Guerrilla Tacos in the Arts District Has Held Onto Its Street-Food Soul

Wes Avila traded in his legendary truck for a brick-and-mortar taqueria
1616

If you’ve spent any part of the past six years trawling through the city’s endless taco landscape, there’s a good chance you’ve feasted on Wes Avila’s handiwork.

In 2012 the Pico Rivera native debuted Guerrilla Tacos, a humble cart outside a now-defunct coffee roaster in the Arts District. Using warm corn tortillas as a canvas, the fine dining veteran (he’d previously worked under chefs like Le Comptoir’s Gary Menes and République’s Walter Manzke) blew up the notion of the L.A. taco: Sweet potato mingled with crumbled feta and fried corn; seared foie gras doubled the decadence of braised short rib; and ruby-hued chunks of ahi tuna were tossed in white miso and paired with tart tomatillo salsa. What set Guerrilla Tacos apart in a crowded scene wasn’t just farmers’ market ingredients and cross-cultural creativity but the democratic notion that haute cuisine could be enjoyed curbside without losing an ounce of its sensory firepower.

https://www.instagram.com/p/BnUCNDSlZ2p/

So when Avila traded in the keys to his blue-and-green taco truck in July ahead of the transition to a brick-and-mortar space, the move presented an existential dilemma: What happens to street food when you take away the street? Not much, thankfully.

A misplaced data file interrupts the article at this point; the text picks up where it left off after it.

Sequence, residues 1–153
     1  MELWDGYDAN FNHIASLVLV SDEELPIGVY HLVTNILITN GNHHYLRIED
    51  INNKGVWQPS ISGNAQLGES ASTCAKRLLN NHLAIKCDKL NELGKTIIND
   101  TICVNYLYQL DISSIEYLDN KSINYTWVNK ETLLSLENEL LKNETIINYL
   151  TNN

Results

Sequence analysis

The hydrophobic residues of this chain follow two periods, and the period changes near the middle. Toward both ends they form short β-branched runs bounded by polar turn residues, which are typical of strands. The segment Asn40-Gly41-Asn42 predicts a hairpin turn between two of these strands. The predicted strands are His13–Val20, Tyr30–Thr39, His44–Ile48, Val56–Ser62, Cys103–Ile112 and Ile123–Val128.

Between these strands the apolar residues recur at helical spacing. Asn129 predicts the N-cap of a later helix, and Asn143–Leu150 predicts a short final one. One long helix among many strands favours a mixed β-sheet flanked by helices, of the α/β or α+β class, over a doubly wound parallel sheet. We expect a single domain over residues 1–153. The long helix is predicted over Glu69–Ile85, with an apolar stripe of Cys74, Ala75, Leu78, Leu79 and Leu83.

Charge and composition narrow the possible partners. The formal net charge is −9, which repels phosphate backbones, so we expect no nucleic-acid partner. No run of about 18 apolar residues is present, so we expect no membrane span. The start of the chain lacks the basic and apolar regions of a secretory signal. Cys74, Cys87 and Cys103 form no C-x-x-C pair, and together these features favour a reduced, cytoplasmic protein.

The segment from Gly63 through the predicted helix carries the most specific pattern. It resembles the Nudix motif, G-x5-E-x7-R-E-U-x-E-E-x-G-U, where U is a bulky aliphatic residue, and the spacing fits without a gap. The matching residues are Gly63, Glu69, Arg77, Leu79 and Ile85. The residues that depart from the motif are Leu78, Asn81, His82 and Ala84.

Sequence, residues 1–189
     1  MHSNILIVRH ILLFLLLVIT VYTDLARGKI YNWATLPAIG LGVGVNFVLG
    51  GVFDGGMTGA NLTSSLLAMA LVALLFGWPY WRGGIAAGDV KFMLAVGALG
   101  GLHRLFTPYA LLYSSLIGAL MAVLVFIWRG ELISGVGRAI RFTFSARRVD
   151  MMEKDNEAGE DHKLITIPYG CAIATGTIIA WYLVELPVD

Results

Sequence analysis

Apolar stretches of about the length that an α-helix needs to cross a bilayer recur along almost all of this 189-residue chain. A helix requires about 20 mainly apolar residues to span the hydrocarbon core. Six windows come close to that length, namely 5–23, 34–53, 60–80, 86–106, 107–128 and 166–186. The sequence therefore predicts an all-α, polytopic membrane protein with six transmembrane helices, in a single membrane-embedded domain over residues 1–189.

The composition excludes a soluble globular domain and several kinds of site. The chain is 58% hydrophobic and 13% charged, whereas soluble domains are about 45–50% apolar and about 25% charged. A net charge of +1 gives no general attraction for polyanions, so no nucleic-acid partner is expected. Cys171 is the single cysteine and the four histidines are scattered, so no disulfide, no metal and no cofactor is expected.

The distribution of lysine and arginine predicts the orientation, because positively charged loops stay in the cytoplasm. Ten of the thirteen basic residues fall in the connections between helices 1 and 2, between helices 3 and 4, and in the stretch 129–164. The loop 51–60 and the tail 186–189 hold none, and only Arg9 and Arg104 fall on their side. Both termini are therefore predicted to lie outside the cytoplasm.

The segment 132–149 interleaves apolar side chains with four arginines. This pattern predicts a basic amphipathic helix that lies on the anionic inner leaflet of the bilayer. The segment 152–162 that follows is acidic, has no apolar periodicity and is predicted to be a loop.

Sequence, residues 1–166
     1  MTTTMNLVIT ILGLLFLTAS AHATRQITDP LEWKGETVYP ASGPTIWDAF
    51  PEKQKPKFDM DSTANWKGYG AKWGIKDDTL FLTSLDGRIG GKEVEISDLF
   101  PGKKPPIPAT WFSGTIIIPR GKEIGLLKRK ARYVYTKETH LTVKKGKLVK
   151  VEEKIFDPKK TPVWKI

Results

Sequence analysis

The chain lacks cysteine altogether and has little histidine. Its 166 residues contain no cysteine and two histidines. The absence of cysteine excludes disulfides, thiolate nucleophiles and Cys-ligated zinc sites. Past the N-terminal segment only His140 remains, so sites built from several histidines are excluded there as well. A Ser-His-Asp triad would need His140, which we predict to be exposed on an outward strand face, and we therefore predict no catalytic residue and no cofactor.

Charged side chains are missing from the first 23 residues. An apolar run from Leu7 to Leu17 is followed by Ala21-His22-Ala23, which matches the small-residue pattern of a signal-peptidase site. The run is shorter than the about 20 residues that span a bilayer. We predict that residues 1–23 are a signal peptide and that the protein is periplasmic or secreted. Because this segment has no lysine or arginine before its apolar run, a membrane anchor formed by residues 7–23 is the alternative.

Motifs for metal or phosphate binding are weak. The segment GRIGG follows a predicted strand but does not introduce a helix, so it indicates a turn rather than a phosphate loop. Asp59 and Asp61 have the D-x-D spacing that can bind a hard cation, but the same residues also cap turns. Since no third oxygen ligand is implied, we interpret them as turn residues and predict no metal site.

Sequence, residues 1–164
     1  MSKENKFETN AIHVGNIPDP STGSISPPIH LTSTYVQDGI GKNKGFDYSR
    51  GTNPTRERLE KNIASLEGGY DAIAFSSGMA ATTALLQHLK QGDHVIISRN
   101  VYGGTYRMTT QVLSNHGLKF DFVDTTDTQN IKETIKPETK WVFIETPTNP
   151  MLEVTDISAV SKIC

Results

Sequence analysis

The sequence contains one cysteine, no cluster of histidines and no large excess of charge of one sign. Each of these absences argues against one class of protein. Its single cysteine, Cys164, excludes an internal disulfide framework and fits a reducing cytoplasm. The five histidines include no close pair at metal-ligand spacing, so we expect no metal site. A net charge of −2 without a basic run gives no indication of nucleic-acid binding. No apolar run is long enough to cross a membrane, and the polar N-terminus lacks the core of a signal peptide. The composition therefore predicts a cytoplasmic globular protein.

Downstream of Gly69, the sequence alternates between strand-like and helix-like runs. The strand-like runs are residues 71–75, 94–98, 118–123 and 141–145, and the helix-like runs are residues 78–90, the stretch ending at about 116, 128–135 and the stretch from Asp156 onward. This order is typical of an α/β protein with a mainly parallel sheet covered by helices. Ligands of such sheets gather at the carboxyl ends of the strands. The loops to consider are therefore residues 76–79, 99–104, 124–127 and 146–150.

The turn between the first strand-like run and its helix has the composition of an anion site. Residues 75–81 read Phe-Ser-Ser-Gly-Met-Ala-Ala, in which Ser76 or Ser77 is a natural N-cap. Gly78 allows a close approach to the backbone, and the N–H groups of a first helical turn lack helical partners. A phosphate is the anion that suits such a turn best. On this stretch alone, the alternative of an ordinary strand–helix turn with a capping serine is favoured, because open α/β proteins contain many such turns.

At Avila’s new counter-service spot blocks from where he started, graffiti-muraled walls and a cinder-block patio preserve a sense of grit; cans of spray paint double as numbered table markers. Guerrilla Tacos’ menu has largely remained the same—crunchy taquitos stuffed with fluffy potatoes or fresh crab, tempura-battered fish tacos, roasted eggplant and labneh spackled onto a crunchy tostada—save for a few larger compositions like grilled mackerel or smoky lamb kabobs crowned with tomato salad. (Order a couple of the char siu pork tacos with pickled pineapple, too, for a riff on al pastor that’s so genius it deserves a MacArthur grant.) Avila’s bewitchingly complex salsas, like the sharp chile oil mixture brushed on slices of raw hamachi, are still the best in town.

https://www.instagram.com/p/BohI2DKFS2Y/

As welcome as tabletops and comfortable chairs are, the most substantial addition might be the cocktail program—tropical libations with a primo $10 price tag that manage to produce a heavenly buzz. Will the storied truck be missed? Yes. But a little less after you’ve chased a shrimp tostada with rum-spiked lemonade.


RELATED: The 12 Best Tacos in L.A., According to L.A. Chefs


Stay on top of the latest in L.A. food and culture. Sign up for our newsletters today.